Les déclarations suivantes sont approuvées par le Conseil d’administration et publiées par le SCP.
La Société canadienne de psychologie repose sur des politiques et des principes antidiscrimination, fondés sur le respect de la dignité des personnes. Ces politiques et ces principes sont incorporés dans un Code de déontologie qui oriente la recherche en psychologie, ainsi que la pratique et l’enseignement de la psychologie au Canada.
L’année 2020 met au défi les Canadiens et les citoyens du monde entier de faire preuve de courage afin de surmonter le stress qui affecte notre santé et notre bien-être et de le faire avec bienveillance, respect et compassion. Le racisme anti-Noirs met en péril notre succès en tant qu’individus, familles, collectivités, milieux de travail et sociétés. Notre succès dépend de notre volonté et de notre capacité à nous occuper de nous-mêmes, à prendre soin les uns des autres et à travailler ensemble. Il n’y a pas de place pour le racisme, les préjugés ou la discrimination systémique dans une société juste.
Une société juste, c’est une société qui permet à tous ses membres de contribuer, de prospérer et de changer les choses, face à la bonne fortune comme face à l’adversité. La SCP invite les gens à être solidaires, à s’élever contre le racisme et la discrimination anti-Noirs de toutes sortes, et à lutter farouchement pour y mettre fin.
The CPA Title Task Force has produced a new Position Paper: CPA Task Force on Title: Model Language Suggestions (PDF).
We, ACPRO, CCPPP, and the CPA Accreditation Panel recognize that this pandemic has had, and continues to have, a significant impact on the operation of professional psychology training programmes, and on their faculty, staff, and students…
CCPPP CPA ACPRO Statements COVID-19.pdf
ACCREDITATION PANEL FOR DOCTORAL PROGRAMMES
INTERNSHIIPS IN PROFESSIONAL PSYCHOLOGY
On Behalf of the CPA Accreditation Panel:
CPA and the Accreditation Panel understand that the management of COVID-19 has far reaching effects on individuals, communities, our health care systems and on health providers themselves. Its impact on the health care environment will also impact trainees of all health professions. Some may leave internships or residencies to return home. Most will find their clinical roles impacted and it is possible that their clinical activity will be significantly changed or suspended as health care environments respond to this unprecedented health emergency. The decisions and experiences of trainees may vary from university to university, health care setting to health care setting and jurisdiction to jurisdiction. The guidance and advisories in one province/territory to another may differ and consequently impact health care delivery and health care training differently.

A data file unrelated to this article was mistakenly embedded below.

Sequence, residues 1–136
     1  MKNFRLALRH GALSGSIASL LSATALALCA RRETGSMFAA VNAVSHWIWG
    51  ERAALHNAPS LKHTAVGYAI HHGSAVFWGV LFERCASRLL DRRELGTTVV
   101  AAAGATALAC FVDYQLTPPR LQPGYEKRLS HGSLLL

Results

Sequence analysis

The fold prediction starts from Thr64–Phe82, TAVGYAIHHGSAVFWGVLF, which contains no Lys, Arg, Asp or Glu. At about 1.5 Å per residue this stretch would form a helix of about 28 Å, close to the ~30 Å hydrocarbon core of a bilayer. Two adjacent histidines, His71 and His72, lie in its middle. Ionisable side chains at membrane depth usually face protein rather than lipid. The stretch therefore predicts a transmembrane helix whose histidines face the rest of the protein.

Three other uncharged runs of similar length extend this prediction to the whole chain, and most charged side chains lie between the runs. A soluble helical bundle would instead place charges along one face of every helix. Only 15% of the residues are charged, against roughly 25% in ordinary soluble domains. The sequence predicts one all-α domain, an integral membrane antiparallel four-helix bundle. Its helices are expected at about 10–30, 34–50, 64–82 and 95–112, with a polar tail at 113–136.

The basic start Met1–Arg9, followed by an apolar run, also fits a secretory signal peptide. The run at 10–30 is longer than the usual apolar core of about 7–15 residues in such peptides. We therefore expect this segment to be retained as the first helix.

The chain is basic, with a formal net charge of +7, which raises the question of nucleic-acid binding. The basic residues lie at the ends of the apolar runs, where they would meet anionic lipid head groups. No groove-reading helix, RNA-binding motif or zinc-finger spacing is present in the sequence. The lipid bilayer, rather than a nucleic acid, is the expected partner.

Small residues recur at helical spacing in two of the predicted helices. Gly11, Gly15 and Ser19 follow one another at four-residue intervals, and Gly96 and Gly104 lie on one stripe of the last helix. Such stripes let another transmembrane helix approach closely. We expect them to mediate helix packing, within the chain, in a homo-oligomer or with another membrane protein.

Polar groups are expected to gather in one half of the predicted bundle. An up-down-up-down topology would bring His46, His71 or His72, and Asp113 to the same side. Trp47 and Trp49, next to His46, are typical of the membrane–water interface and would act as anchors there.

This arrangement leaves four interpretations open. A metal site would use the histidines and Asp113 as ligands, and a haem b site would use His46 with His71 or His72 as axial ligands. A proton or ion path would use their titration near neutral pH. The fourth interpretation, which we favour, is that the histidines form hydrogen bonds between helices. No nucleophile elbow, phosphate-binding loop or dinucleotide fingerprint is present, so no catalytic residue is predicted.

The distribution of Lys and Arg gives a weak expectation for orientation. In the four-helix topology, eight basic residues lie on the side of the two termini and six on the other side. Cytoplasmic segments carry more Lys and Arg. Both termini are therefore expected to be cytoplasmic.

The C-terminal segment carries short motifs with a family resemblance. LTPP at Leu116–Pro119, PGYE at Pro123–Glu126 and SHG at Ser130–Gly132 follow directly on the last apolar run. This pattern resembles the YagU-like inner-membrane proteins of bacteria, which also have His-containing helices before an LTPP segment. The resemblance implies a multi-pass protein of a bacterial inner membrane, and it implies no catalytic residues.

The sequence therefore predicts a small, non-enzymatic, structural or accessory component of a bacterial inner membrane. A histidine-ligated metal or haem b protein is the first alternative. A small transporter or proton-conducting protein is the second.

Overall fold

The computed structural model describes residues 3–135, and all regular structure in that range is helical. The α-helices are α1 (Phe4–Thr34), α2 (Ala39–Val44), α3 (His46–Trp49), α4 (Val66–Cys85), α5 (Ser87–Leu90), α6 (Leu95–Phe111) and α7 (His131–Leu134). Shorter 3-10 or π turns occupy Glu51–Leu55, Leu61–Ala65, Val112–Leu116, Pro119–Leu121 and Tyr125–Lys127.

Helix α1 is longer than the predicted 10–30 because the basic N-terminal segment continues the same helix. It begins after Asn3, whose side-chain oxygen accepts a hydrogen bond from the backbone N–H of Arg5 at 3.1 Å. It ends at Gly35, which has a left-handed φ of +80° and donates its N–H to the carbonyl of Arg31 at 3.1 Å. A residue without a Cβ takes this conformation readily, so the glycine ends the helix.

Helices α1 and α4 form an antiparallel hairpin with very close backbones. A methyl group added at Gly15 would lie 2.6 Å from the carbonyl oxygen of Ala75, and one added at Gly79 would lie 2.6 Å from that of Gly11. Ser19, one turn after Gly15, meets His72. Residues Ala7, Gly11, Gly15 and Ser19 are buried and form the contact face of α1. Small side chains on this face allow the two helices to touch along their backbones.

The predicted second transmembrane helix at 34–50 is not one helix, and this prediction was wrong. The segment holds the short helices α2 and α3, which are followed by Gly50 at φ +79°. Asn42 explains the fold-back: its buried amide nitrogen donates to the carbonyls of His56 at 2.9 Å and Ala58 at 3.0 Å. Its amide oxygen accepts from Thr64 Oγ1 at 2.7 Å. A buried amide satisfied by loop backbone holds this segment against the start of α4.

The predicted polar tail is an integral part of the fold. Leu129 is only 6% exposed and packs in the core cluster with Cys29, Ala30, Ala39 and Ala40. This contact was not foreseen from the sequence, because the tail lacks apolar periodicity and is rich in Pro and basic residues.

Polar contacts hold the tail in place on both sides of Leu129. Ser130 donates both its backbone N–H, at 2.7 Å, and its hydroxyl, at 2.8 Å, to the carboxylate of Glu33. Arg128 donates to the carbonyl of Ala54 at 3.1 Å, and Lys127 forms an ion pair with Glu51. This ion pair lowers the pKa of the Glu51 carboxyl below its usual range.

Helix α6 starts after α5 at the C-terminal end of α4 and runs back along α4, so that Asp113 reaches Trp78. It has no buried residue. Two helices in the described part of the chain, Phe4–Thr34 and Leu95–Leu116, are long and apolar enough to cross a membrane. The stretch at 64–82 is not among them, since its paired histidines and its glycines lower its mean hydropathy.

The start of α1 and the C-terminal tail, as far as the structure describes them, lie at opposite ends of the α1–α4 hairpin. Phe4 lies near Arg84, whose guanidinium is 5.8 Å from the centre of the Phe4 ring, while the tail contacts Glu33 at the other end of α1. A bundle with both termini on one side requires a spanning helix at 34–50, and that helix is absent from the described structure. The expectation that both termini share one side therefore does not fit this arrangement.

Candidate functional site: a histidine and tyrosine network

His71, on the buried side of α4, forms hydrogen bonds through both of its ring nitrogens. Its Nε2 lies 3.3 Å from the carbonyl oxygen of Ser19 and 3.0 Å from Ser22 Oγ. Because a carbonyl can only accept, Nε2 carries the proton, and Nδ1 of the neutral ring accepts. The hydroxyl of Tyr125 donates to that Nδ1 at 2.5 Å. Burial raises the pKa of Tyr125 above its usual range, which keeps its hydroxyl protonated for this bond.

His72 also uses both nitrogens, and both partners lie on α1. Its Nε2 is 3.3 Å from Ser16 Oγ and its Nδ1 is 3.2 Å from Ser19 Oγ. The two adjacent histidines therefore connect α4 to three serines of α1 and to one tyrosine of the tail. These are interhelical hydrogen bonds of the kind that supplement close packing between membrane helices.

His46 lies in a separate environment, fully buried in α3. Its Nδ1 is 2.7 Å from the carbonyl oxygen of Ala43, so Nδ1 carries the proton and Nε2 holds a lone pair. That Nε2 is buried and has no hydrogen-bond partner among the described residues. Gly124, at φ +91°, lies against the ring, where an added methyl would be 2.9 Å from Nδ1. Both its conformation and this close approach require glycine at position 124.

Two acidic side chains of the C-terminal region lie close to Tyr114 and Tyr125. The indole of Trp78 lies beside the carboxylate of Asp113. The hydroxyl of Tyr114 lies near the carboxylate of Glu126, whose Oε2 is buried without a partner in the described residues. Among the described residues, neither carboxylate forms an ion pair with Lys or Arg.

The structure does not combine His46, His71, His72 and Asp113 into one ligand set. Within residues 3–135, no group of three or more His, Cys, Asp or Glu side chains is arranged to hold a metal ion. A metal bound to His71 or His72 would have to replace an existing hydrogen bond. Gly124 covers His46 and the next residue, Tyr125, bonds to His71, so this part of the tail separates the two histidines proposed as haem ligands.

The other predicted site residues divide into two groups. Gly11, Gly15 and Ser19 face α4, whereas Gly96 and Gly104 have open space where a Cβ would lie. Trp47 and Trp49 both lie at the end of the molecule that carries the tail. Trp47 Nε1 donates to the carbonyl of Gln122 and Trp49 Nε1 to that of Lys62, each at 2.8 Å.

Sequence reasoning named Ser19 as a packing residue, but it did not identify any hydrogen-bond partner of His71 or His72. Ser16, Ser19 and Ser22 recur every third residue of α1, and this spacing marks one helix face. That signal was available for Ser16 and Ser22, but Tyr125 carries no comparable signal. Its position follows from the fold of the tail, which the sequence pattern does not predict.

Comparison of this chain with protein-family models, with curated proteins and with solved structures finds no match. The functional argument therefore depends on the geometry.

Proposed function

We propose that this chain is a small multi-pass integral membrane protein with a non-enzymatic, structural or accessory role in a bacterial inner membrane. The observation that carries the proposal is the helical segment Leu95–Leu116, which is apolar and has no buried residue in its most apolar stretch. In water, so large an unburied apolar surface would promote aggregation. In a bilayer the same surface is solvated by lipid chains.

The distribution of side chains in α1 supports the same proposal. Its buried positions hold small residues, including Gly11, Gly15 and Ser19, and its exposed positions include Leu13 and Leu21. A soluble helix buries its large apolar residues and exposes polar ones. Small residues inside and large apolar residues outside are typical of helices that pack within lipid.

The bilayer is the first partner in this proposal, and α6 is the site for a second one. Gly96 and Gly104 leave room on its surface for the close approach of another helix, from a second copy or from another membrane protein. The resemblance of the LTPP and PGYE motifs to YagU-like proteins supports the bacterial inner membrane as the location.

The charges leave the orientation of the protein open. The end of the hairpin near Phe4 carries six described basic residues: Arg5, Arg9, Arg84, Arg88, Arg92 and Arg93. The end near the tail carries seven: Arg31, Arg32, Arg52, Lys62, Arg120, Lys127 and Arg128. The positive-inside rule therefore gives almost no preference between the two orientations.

We understand and anticipate the concerns of trainees that any disruption or suspension of their residencies and internships can impact their ability to meet program completion requirements and, ultimately, impact their progress towards graduation and licensure. We also understand that there is not a single authority who can decide how missing requirements will be dealt with. For example, CPA’s Accreditation Panel cannot require programs to extend their training years or decrease required clinical hours. Programs needs and options will vary in the kind of accommodation they can offer. Further, regulatory bodies have requirements about how many internship hours are required of candidates for licensure.
The purpose of this advisory, however, is to let programs – their faculty, supervisors and trainees – know that CPA will collaborate with programs on an individual basis as well as Canada’s regulatory bodies individually and collectively, to help them navigate the impact COVID-19 will have on the training of psychologists. We will all need to be understanding, nimble and flexible in finding solutions that work for each program and, ultimately, put the needs of clients and students front and centre. CPA has reached out to CCPPP and ACPRO to discuss this issue and come up with some collective guidance to programs. CPA has also been collaborating with APPIC, APA, and ASPPB on this issue as well for those of our students who train north and south of the border. We will keep you apprised of our progress.
In the interim, feel free to contact the Accreditation Office at any time. Even more importantly, stay well and stay safe.
Dr. Stewart Madon, C. Psych.
Registrar, Accreditation & Ethics Officer
Canadian Psychological Association
PDF version: CPA Panel Statement re; COVID 19
Joint statement from APA, CPA, APPIC, and ASPPB regarding the impact of COVID-19 on psychology training in North America.
Education & Training in Health Service Psychology – COVID-19 – Joint Statement Updated 3-19-2020
The Association of Psychology Postdoctoral and Internship Centers (APPIC), the American Psychological Association (APA), the Canadian Psychological Association (CPA) and the Association of State and Provincial Psychology Boards (ASPPB) have received questions and concerns from programs and students concerned about how COVID-19 will impact their training experiences and if it will impact their completion of degree requirements. The range of ever-changing information, sometimes conflicting, from different organizations in which psychology graduate students train throughout the U.S. and Canada has contributed to increasing anxiety. …
Click here for the full statement